- Any% refers to a run in which the game is completed as fast as possible, completing only what is necessary in order to finish the game. This is in contrast to 100% and low% runs.
- 100% is an odd category because each game defines its own rules as to what consitutes 100%. Some games have an in-game completion display, which is what is used. In games that don't, the term varies greatly. Much of the time it simply refers to all levels and collectibles.
- low% is a category where the speedrunner intentionally
gets the lowest completion percentage possible - Metroid games are famous for this - and is often accomplished by what is called sequence breaking, where the player plays the game out of the intended order. As previously mentioned, there are a number of tricks in Metroid games that allow for sequence breaks where entire portions of the game are skipped entirely.
- Single segment is a category where the game is run in a single, uninterrupted session, and there is no quitting and restarting the game (this is important, as many games have save & quit abuse tricks that are faster). In single segment runs, the player cannot die or reload a save file.
- Segmented is a category in which the game is played in separate segments. This is unique because each segment can be played over and over until the optimum time is reached. Segmented runs are most often used in long games such as Final Fantasy games, but many players are beginning to run longer games in single sessions.
- RTA stands for Real Time Attack, another single-session category in which everything (saving, loading, dying, etc.) is taken into account for the final time. This category allows for save & quit/reload tricks that aren't available in SS.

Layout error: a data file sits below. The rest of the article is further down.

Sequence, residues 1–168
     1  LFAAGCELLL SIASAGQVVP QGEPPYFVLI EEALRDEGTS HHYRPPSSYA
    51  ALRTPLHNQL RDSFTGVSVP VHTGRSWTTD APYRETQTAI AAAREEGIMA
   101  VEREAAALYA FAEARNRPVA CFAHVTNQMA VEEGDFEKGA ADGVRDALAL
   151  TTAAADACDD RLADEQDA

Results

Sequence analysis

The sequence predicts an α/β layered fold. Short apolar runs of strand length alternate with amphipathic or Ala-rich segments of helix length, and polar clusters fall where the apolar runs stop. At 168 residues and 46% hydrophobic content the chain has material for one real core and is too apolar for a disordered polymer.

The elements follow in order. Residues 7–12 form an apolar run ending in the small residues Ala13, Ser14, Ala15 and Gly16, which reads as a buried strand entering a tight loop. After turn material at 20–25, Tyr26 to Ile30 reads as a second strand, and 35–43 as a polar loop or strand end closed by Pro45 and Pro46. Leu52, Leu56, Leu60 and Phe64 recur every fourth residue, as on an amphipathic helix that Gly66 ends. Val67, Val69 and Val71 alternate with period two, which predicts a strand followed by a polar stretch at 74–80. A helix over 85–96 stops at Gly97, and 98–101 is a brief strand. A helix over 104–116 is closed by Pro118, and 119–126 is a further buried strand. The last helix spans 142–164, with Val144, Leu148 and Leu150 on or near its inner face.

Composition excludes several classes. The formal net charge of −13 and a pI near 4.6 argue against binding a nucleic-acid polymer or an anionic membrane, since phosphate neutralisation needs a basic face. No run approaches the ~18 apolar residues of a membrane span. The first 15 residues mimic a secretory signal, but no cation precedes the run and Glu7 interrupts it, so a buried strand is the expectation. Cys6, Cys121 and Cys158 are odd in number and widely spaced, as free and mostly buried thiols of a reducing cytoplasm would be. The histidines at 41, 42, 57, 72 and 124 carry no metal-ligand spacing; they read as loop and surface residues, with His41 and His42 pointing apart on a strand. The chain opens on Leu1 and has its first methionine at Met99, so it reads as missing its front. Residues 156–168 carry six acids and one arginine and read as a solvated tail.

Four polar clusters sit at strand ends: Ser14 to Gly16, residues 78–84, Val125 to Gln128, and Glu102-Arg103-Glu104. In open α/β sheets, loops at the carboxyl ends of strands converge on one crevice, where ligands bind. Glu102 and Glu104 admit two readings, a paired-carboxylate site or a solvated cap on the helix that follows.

I want to start speedrunning, where do I start?
If you've picked a game either you believe you can run or you know has been run, the best place to start is by checking out SDA, YouTube, and if all else fails Nico Video to find an existing run. It's usually the easiest way to learn the route and the tricks/glitches. There are also websites and wikis dedicated to certain games (the Zelda games have one and there is a small wiki for the Ninja Gaiden games). If you're really desperate you can go to the SDA forums and try to bring some runners out of the woodwork. Just because a game doesn't have a big community or a recorded run doesn't mean there aren't any existing speedrunners.
I want to start streaming
I'm not the man to ask, as I don't do it at the moment. Streaming requires special streaming software, the two most common being XSplit
. XSplit requires you to buy a license while OBS is free. Another important piece of software is a timer, one of the most common being WSplit, which along with XSplit and OBS can be found on this nifty page here
What this thread is for
This thread is for general speedrun discussion, from the hobby itself, streamers and streaming, to running your own games. I'm hoping it can be a comprehensive thread for people to begin engaging in the hobby, even if it's just to watch.